Eu/fyrom : Ep Changes Stance on Macedonia Name Dispute
Under strong pressure from Greek MEPs, the European Parliament has significantly changed its stance on the ongoing name dispute' between the Former Yugoslav Republic of Macedonia (FYROM) and Greece.
The own-initiative report by Erik Meijer (UEL-NGL, Netherlands) on Macedonia's integration progress in 2007, adopted by the plenary, on 23 April, says that the name dispute should not "continue to be an obstacle" to Skopje's "membership of international organisations". In contrast, the 2007 report expressly stated that "the name issue is not an obstacle" to the FYROM's EU accession talks.
Following a new round of consultations, which took place after the 10 April plenary decided to postpone the vote for two weeks, the MEPs finally agreed on an amendment, which says that the issue should not "continue to represent an obstacle to the Former Yugoslav Republic of Macedonia's membership of international organisations, as provided for in the Interim Accord of 1995, which is still in force".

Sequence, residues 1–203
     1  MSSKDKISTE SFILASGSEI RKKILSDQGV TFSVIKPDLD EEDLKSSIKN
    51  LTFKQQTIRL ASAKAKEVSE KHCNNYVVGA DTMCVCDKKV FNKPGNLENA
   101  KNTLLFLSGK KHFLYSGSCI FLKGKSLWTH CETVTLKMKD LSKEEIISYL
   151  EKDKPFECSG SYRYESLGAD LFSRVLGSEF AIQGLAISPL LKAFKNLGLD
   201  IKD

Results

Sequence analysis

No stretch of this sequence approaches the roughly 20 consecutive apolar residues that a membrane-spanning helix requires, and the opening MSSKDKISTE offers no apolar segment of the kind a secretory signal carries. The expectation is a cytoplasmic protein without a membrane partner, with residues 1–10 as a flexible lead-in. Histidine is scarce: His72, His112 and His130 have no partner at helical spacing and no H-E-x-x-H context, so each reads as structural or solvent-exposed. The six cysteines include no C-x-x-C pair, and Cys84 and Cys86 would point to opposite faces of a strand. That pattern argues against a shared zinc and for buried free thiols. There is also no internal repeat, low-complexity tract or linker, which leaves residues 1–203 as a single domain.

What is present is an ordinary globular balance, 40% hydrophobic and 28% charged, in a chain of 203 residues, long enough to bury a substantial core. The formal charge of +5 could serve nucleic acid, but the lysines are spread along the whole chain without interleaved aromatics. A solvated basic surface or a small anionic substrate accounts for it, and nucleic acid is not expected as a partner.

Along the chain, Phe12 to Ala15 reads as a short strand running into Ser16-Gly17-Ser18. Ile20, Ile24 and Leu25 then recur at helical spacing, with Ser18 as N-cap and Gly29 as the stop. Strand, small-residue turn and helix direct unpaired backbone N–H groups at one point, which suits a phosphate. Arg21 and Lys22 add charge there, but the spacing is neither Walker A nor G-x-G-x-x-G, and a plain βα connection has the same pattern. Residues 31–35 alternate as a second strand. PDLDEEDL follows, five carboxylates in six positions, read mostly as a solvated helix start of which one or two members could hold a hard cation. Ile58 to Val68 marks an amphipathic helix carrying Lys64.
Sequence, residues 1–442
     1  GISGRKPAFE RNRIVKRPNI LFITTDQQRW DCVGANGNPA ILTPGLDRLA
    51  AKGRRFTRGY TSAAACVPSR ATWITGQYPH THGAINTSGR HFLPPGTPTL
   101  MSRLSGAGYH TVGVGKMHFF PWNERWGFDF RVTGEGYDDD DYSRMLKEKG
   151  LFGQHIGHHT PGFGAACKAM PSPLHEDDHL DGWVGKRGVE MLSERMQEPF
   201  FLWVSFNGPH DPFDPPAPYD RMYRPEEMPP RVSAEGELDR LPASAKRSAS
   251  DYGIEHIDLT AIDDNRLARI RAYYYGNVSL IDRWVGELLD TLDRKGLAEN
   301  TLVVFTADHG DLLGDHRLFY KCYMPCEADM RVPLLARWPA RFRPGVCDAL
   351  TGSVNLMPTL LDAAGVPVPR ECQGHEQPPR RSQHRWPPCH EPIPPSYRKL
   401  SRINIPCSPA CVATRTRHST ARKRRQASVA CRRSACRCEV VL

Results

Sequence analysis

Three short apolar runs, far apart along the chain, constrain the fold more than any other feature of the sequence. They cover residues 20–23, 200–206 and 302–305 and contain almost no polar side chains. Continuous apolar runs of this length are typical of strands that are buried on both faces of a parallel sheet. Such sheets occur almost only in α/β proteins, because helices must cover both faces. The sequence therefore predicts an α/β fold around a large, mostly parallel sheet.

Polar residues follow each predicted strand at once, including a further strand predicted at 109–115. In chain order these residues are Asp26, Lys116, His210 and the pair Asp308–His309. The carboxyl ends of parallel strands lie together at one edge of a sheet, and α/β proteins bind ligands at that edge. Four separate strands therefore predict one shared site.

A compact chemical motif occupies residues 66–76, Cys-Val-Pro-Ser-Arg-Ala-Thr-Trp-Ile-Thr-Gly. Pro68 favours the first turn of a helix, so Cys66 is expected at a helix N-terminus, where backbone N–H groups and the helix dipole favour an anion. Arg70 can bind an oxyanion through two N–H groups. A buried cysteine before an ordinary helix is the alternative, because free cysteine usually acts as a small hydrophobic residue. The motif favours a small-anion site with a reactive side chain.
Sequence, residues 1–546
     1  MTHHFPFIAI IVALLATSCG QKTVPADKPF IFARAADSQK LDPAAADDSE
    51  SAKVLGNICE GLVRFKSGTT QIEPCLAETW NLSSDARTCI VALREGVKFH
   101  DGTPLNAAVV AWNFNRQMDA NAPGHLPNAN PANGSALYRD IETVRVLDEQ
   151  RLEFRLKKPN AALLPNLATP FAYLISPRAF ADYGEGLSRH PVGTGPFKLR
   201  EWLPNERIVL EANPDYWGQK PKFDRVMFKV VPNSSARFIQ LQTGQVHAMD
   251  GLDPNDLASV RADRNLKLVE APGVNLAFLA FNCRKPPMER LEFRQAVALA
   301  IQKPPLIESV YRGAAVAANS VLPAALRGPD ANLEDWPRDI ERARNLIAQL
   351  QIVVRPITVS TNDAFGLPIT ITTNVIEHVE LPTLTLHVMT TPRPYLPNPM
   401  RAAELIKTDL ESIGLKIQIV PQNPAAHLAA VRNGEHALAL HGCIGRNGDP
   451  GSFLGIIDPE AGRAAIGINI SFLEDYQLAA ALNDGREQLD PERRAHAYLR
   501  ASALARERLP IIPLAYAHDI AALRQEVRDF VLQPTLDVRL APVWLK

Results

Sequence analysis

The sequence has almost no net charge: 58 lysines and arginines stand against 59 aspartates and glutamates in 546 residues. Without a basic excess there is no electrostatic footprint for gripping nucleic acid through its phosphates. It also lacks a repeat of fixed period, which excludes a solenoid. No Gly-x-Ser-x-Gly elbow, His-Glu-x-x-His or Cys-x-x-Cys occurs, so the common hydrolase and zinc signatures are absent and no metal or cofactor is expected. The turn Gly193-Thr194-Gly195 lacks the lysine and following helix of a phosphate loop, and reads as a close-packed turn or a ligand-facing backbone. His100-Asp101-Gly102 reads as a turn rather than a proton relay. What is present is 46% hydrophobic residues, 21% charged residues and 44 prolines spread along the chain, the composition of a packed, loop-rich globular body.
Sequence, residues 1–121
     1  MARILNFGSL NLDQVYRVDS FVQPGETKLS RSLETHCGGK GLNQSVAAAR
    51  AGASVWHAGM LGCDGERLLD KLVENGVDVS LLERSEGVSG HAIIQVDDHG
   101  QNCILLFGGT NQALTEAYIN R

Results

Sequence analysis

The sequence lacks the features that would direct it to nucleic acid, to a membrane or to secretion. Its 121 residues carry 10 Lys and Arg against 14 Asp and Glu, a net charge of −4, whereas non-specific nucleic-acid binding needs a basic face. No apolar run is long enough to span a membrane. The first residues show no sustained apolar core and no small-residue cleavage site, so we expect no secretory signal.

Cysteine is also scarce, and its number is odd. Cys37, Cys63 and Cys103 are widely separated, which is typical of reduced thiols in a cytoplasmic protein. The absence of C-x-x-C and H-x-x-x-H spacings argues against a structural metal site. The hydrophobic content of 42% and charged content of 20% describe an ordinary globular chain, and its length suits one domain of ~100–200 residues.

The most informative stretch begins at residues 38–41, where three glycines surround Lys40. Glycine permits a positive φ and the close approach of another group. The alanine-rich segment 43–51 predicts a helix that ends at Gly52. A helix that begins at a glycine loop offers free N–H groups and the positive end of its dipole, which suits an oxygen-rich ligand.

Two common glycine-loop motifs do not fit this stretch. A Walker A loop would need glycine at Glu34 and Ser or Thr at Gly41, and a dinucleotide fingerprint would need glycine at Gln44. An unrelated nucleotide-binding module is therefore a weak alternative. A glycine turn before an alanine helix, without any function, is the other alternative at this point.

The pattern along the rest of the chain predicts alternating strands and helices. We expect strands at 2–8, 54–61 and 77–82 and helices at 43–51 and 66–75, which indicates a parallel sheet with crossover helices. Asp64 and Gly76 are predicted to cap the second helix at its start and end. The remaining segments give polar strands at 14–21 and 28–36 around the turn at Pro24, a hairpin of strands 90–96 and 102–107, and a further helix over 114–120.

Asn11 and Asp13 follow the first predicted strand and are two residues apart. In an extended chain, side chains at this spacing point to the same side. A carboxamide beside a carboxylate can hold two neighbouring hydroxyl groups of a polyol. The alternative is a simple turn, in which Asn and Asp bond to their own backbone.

The agreement, to which the amendment refers, was reached by Greece and the FYROM in 1995. It obliges Athens not to block Skopje's bid to join international organisations as long as it uses the provisional name, the Former Yugoslav Republic of Macedonia.
In last year's report, the MEPs took a different stance. At that time they explicitly said that "the name issue is not an obstacle to the opening of negotiations for EU accession and that, as is the case for all other candidate countries, its integration into the EU will depend exclusively on fulfilment of the Copenhagen criteria, the conditions of the stabilisation and association framework, and the EU[acute accent]s capacity to integrate new member states". …